by Sharon Rondeau

(Dec. 9, 2020) — Trump 2020 campaign senior advisor Jason Miller told Sean Spicer of Newsmax’s “Spicer & Company” Wednesday evening that when the 50 states’ presidential electors meet to cast their votes for president in what is known as the Electoral College, several states will send “multiple slates of electors.”

A presidential candidate must accrue 270 electoral votes, which emanate from each state’s popular vote, with electors expected to cast their votes at the Electoral College in accordance with that outcome.

When Spicer asked Miller to elaborate, he declined to do so but said that the exact number of states which will be sending more than one set of electors is still developing.

Article II, Section 1, clauses 1- 3 of the U.S. Constitution state:

The executive Power shall be vested in a President of the United States of America. He shall hold his Office during the Term of four Years, and, together with the Vice President, chosen for the same Term, be elected, as follows

Each State shall appoint, in such Manner as the Legislature thereof may direct, a Number of Electors, equal to the whole Number of Senators and Representatives to which the State may be entitled in the Congress: but no Senator or Representative, or Person holding an Office of Trust or Profit under the United States, shall be appointed an Elector.

The Electors shall meet in their respective States, and vote by Ballot for two Persons, of whom one at least shall not be an Inhabitant of the same State with themselves. And they shall make a List of all the Persons voted for, and of the Number of Votes for each; which List they shall sign and certify, and transmit sealed to the Seat of the Government of the United States, directed to the President of the Senate. The President of the Senate shall, in the Presence of the Senate and House of Representatives, open all the Certificates, and the Votes shall then be counted. The Person having the greatest Number of Votes shall be the President, if such Number be a Majority of the whole Number of Electors appointed; and if there be more than one who have such Majority, and have an equal Number of Votes, then the House of Representatives shall immediately chuse by Ballot one of them for President; and if no Person have a Majority, then from the five highest on the List the said House shall in like Manner chuse the President. But in chusing the President, the Votes shall be taken by States, the Representation from each State having one Vote; A quorum for this Purpose shall consist of a Member or Members from two thirds of the States, and a Majority of all the States shall be necessary to a Choice. In every Case, after the Choice of the President, the Person having the greatest Number of Votes of the Electors shall be the Vice President. But if there should remain two or more who have equal Votes, the Senate shall chuse from them by Ballot the Vice President.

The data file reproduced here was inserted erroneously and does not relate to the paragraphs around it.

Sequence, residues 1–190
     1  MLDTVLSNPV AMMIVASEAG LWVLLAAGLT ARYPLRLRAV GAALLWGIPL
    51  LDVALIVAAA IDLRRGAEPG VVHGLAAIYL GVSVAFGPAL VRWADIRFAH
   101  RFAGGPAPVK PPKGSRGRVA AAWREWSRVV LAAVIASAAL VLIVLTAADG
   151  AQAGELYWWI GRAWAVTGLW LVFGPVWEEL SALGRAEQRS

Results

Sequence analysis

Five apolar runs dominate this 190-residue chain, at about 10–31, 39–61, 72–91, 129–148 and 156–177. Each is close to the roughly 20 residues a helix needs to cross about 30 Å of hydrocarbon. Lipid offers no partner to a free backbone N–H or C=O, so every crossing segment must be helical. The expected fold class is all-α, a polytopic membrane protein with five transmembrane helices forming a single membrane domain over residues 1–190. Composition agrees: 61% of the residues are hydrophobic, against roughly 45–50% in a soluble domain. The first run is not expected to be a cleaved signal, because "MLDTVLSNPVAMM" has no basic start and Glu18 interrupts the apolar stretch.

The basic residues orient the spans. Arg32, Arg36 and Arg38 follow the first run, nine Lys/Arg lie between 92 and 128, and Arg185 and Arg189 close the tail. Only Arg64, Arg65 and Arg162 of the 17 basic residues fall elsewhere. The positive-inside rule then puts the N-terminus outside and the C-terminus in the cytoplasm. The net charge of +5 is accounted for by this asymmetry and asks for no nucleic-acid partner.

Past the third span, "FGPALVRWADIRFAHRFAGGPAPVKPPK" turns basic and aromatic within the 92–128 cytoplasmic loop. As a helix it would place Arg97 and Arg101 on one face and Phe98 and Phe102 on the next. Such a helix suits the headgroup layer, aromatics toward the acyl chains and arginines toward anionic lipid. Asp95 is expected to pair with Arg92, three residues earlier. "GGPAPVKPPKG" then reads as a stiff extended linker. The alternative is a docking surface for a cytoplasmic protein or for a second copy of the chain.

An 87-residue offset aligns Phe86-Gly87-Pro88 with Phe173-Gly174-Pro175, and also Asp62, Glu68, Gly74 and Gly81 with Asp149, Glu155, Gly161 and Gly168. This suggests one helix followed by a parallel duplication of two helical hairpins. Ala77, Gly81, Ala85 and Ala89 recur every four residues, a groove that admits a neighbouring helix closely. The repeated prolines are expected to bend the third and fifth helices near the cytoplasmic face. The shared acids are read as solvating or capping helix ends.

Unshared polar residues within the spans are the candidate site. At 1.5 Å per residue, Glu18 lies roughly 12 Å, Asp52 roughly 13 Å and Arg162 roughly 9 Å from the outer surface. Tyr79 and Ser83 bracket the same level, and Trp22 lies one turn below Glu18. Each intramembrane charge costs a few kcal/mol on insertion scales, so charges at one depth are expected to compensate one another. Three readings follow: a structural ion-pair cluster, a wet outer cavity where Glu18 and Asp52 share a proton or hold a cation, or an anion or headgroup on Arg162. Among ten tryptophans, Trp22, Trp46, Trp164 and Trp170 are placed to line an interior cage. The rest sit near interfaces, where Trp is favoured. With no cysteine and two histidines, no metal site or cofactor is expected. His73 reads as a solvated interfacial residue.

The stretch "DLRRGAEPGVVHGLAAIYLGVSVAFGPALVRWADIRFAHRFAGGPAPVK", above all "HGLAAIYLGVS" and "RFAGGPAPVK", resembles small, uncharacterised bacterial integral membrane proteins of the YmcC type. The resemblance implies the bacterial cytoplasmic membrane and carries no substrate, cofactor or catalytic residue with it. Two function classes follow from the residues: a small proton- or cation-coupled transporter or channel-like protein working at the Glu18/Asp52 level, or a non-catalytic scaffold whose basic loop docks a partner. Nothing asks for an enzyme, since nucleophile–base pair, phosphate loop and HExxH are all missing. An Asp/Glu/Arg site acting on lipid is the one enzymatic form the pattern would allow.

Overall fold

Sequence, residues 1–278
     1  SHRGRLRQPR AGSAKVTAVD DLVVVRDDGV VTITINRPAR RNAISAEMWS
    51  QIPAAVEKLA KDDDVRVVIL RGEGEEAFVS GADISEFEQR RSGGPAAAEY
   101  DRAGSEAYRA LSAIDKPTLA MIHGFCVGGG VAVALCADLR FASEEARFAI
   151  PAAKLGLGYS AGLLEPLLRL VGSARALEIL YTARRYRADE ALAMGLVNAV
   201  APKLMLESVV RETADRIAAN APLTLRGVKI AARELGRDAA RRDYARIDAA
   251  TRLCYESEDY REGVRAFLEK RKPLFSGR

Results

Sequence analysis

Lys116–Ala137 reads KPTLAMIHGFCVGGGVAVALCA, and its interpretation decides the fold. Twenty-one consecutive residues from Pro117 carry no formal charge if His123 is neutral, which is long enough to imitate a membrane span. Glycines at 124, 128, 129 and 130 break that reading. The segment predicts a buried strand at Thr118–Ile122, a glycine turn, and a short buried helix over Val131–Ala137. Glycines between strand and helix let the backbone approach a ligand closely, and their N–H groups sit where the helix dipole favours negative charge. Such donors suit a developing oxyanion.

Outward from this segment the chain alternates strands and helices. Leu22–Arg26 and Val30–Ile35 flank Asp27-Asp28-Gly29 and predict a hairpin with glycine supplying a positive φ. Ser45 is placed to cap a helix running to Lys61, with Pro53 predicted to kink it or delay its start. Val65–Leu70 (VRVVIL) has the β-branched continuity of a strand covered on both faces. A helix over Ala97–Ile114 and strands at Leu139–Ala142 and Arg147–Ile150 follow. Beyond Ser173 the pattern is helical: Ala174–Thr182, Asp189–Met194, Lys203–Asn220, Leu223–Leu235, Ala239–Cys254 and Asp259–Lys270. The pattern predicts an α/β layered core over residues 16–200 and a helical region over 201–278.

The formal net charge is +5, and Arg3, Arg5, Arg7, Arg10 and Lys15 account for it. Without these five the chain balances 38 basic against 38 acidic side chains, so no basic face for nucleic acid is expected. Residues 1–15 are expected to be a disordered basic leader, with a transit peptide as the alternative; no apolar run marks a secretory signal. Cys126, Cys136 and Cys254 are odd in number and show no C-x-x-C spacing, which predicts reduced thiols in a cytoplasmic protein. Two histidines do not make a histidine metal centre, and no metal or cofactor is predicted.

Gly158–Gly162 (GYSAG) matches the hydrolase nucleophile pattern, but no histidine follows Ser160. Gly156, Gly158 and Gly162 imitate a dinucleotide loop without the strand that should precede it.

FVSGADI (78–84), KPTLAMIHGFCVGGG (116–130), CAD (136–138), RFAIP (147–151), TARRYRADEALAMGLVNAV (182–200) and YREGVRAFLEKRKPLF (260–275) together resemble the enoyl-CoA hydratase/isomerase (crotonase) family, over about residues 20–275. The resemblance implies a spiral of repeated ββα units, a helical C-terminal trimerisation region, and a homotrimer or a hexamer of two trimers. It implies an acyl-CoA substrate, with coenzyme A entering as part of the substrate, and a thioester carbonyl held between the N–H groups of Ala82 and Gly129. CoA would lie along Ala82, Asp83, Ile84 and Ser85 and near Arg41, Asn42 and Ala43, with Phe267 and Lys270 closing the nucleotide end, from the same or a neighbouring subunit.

Miller broke the news in the context of the anticipated December 14 date when presidential electors are scheduled to cast their votes in their respective state capitals. That date, he said, is not immovable, citing an instance in which Hawaii sent two slates of electors in the race between John Fitzgerald Kennedy and Richard Nixon in 1960.

The only remaining hard-and-fast dates in the electoral calendar, Miller said, are “January 6th,” when Congress is presented the electors’ votes and counts them; and “January 20th, when the next president is sworn in.”

Publicly, states with Republican-majority legislatures where the race between Democrat Joe Biden and President Trump was reportedly close have appeared reticent to commit to sending Republican electors to the Electoral College. In Arizona on December 4, Speaker of the House Rusty Bowers issued what appeared to be a conclusive statement indicating that the legislature is unable to change Biden electors to those who would support Trump; in Georgia, Republican Gov. Brian Kemp refused to call a special session of the Republican-led legislature to investigate reported voting abnormalities and possibly tens of thousands of fraudulent ballots resulting from a lack of signature-matching required by state law.

One county in Georgia has refused to certify its results, Newsmax also reported Wednesday, although Kemp certified the statewide election twice notwithstanding admitted “significant errors made in several counties, including: Floyd, Fayette, Douglas, and Walton.”

On Twitter and in a press conference on coronavirus vaccines Tuesday, Trump has continued to say he won the election handily except for the “fraud” he said was committed, particularly in the “swing” states of Wisconsin, Michigan, Pennsylvania, Arizona, Nevada, and Georgia.

On Tuesday, constitutional scholar Joseph DeMaio wrote at The Post & Email that despite facing possible fines in accordance with a recent Supreme Court decision, presidential electors can cast their votes on principle rather than politics or party. Similarly, scholars Leo Donofio and Ren Jander have presented arguments that state legislatures, and in Jander’s case, even individual legislators, have complete authority to appoint electors regardless of the outcome of the popular vote.

According to media reports, Biden earned 306 electoral votes and Trump 232, which assumes electors will vote in accordance with the reported popular vote results in their states.

Late Tuesday night, the State of Texas filed suit at the Supreme Court against Wisconsin, Georgia, Michigan and Pennsylvania, with 17 states joining on Wednesday, according to media reports.

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